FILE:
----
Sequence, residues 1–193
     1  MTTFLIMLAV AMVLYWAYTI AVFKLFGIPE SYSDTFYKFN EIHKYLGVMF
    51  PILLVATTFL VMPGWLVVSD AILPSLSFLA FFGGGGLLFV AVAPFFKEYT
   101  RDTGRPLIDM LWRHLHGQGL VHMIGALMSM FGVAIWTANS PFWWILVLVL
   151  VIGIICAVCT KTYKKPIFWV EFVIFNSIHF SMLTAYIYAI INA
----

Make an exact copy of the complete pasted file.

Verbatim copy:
Sequence, residues 1–193
     1  MTTFLIMLAV AMVLYWAYTI AVFKLFGIPE SYSDTFYKFN EIHKYLGVMF
    51  PILLVATTFL VMPGWLVVSD AILPSLSFLA FFGGGGLLFV AVAPFFKEYT
   101  RDTGRPLIDM LWRHLHGQGL VHMIGALMSM FGVAIWTANS PFWWILVLVL
   151  VIGIICAVCT KTYKKPIFWV EFVIFNSIHF SMLTAYIYAI INA